Obituary: Oleg Prokofiev
Wednesday 26 August 1998
He had a touching and infectious enthusiasm for the new. Yet his life had not been straightforward, and he went through a series of personal tragedies and losses. The second son of Sergei Prokofiev and the singer Lina Codina, he was born in Paris in 1928. He and his elder brother, Sviatoslav, were often separated from their parents who spent long periods touring the Western world and, increasingly often, Russia.
When in 1936 Prokofiev pere decided to settle back in Moscow, he took his family to a country already in the grip of Stalin's purges. The following years were sombre; Sergei Prokofiev soon left his wife who, unlike him, went through the war years in Moscow, alone with her two sons. In 1948, Lina was arrested by the KGB and sent to Siberia for eight years, so that her sons were left to fend for themselves. In spite of these difficulties, Oleg was highly stimulated by the artistic environment he lived in, and he studied art at the Moscow School of Art from 1944 to 1947.
After a first unsuccessful marriage, he met and married a young British art historian, Camilla Gray, who would later on write a ground-breaking study of Russian avant-garde art, The Great Experiment: Russian art, 1863- 1922 (1962). Tragically, Camilla died after a short illness while pregnant with their second child. Allowed by the Soviet authorities to bring his daughter Anastasia to England, Oleg Prokofiev settled first in Leeds, where he was awarded a fellowship in the Fine Arts Department of Leeds University (from 1972 to 1974) and where he met his third wife, Frances Child. Oleg and Frances had five children, one of whom, their second son Quentin, died of leukaemia while still a young boy.
In spite of these terrible upheavals and even though the legacy left him by his father forced him to relive and recall the past over and over again, Oleg Prokofiev looked and moved forward. Over the past 20 years, he successfully struck a balance in his own life, making his name as an artist, while dedicating a considerable part of his time too to his father's music. The old signature on his paintings, "O. Prokofiev", gave way to "Oleg". He exhibited his wood sculptures and paintings in a number of countries and, most significantly for him, in Moscow last winter. His style was constantly evolving, as a response to the new shapes and lights he discovered in his many journeys to America, Africa and, most recently, India. Some of his poems have also been published.
At the same time, he became increasingly involved in the promotion of his father's work and life, and it is in this capacity that I best knew him. As the curator of the Prokofiev Archive at Goldsmiths' College in London, I was guided, supported and inspired by his profound knowledge of Sergei Prokofiev's music, and also that of musical life in Soviet Russia.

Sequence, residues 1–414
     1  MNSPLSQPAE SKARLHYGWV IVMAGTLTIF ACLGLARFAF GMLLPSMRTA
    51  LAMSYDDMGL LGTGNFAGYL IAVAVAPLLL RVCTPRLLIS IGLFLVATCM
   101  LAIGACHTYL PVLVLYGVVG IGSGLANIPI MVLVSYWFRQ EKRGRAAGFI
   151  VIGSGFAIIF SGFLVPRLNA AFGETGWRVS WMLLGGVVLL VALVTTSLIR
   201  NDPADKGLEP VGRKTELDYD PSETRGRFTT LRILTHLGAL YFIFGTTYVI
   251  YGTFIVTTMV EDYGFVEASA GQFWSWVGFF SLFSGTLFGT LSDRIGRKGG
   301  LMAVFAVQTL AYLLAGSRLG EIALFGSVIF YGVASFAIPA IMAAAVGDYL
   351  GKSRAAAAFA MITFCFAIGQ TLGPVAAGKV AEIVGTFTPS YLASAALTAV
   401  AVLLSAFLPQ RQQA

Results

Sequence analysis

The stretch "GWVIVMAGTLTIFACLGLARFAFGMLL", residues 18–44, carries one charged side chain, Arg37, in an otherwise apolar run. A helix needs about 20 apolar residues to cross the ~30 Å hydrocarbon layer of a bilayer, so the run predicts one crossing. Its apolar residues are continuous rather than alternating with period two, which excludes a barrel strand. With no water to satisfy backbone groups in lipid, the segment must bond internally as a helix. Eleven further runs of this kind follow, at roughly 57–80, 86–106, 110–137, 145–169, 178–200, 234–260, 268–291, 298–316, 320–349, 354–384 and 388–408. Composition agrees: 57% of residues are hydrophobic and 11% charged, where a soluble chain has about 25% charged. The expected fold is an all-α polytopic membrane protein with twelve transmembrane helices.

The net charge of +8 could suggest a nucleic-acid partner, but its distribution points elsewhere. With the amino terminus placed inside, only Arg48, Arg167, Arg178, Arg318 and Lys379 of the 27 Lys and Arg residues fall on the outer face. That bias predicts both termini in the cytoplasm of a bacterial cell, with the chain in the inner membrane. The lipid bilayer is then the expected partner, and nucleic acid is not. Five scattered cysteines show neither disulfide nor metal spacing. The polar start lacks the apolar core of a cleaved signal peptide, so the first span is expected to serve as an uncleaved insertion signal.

He often appeared on television and radio, the last time being on Radio 3 for the performance of his father's Cantata for the Twentieth Anniversary of the October Revolution at this year's Proms. It was however behind the scenes that he was most active. He kept a huge correspondence with artists, musicologists, performers and film directors working on Prokofiev and Soviet music. Deeply modest, he would always make time for anyone genuinely interested in his father's music. I shall never forget the fascinating presentation he gave at Goldsmiths' in a lecture room packed with first- year undergraduates. For more than two hours, recollections and critical arguments alternated with humorous impersonations of Prokofiev and Shostakovich.
On another occasion I invited him to the Prokofiev Archive to sign copies of a book he had translated and edited in 1991, Sergei Prokofiev, Soviet Diary 1927. For three hours, he spoke to undergraduates, postgraduates and lecturers alike, inspiring and delighting them with his testimony, enthusiasm and accessibility.
Just as his father had spent years of his emigre life promoting the music of many contemporary Soviet composers, Oleg Prokofiev helped and patronised a great number of Russian artists in this country. "He was a man I saw little of," said one young Russian artist to me, "but every time we met, he gave a new dimension to my life over here, to the life of so many creative people."
Oleg Sergevich Prokofiev, painter and sculptor: born Paris 14 December 1928; married first Sofia Koravina (one son; marriage dissolved), 1969 Camilla Gray (died 1971; one daughter), 1974 Frances Child (two sons, two daughters, and one son deceased); died Alderney, Channel Islands 20 August 1998.
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